Bears defensive tackle Henry Melton has shown the ability to apply pressure on passing downs, yet…
Bear Report has discussed in detail the current issue the Chicago Bears have at defensive tackle, specifically the 3-technique position, or under tackle. The club has starter Henry Melton – whose 7.0 sacks last season, his first as a full-time DT, ranked third amongst defensive tackles in the NFL – but behind him the cupboard is dangerously bare.
Amobi Okoye filled the backup role admirably last year, racking up 4.0 sacks, yet he bolted for Tampa Bay this offseason. Emery failed to land an established backup in free agency, and avoided the position in the draft, which could severely compromise Chicago's pass rush in 2012.
The team will head into camp this year with five players vying for the backup spot to Melton – Jordan Miller, Ronnie Cameron, Demario Pressley, John McCargo and Nate Collins – who, combined, have one total career start.
The competition in camp should bring out the best in at least one of those players, yet to expect significant production from any of the five is being overly optimistic. The club could still sign a veteran free agent like Tommie Harris, but if they haven't done so already, it's doubtful, barring injury, they'll be bringing anyone else to Bourbonnais.
DT Henry Melton
Brian D. Kersey/Getty
Considering the options, it's very likely the backup 3-technique will be a weak spot on Chicago's roster this season.
Still, with an otherwise talented roster on defense, the club might be able to weather that weakness for one season. Yet more concerning is the lack of a long-term plan at under tackle, which coach Lovie Smith has said is the most important position in his defense.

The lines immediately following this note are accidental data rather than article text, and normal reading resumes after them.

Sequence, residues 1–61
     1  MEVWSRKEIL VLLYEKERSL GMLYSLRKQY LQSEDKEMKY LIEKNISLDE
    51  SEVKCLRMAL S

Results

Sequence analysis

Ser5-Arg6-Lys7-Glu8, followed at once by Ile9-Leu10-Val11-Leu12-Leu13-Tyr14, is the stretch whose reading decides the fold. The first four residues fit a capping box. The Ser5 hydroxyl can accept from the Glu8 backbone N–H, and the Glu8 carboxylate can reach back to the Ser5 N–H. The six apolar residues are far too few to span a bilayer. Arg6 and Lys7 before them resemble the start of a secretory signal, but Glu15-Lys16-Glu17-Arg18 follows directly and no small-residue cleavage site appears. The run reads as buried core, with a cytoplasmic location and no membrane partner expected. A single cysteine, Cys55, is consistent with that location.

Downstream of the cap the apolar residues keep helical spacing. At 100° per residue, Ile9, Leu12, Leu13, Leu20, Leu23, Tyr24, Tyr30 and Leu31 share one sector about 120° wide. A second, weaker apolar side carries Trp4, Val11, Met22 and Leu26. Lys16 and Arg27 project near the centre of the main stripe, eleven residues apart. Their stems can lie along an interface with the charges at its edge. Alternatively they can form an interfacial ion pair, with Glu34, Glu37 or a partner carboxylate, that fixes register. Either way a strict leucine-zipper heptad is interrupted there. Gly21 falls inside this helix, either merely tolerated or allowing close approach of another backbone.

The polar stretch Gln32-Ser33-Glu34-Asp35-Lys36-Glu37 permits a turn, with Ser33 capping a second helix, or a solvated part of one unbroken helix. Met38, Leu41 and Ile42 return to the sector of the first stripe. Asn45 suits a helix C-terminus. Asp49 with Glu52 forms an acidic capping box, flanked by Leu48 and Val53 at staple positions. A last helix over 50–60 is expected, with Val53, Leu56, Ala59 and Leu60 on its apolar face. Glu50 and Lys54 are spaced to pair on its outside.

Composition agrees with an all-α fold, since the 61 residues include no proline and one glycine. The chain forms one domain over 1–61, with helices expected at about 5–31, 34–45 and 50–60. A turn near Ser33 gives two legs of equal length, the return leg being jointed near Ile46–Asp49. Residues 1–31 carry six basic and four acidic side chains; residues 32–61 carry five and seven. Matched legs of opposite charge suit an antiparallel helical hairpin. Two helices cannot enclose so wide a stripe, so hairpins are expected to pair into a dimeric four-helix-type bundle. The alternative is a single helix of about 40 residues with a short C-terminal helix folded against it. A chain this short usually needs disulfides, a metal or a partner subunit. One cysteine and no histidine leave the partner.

Melton's contract is up after this season. We asked him during veteran minicamp if the Bears had approached him or his agent about a possible extension.
"Not a lot of talk has been going on," said Melton. "I love Chicago and I want to be here. Hopefully something can get done."
If the two sides aren't talking about an extension now, it would behoove Emery to begin those discussions in the near future.
Recent analysis from Pro Football Focus (PFF) further highlights Melton's value to this roster. PFF recently published one of their signature statistics, Pass Rush Productivity (PRP), weighted over a three-year span for defensive tackles.
"It's a way of determining the most productive pass rushers (as the name implies), looking past total sack numbers to examine the entire amount of pressure a player gets and on how many pass rushes it comes. By weighing hits and hurries as worth 75% of a sack, dividing by the number of times a player rushes the quarterback and then multiplying by 100 you get a shiny, nice number."
In PRP over the last three seasons, Melton ranked 16th amongst all the defensive tackles in the NFL. He has issues defending the run but this analysis shows that, as far as pure pass rushing defensive tackles go, Melton is one of the best in the game.
If he is not offered a long-term deal before next offseason and hits free agency, there will be a lot of teams very interested in his services. So many, in fact, that the market may price Melton out of Chicago's range. He said he wants to stay in the Windy City, but he'll be hard pressed to pass up the money at least one NFL team is going to throw at him.
Melton's departure would leave a gaping hole in the middle of the defensive line that would be nearly impossible to fill. He's 25, is about to enter his prime and plays the most-important position in Chicago's defense. If the Bears wait and force him to earn a new contract, and he blows up this season, the odds they'll be able to re-sign him would become even slimmer.
It's not worth the risk. Get him on the dotted line now and solidify the under tackle spot for many years to come.
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Jeremy Stoltz is Publisher of BearReport.com and a member of the Pro Football Writers of America. To read him every day, visit BearReport.com and become a Chicago Bears insider.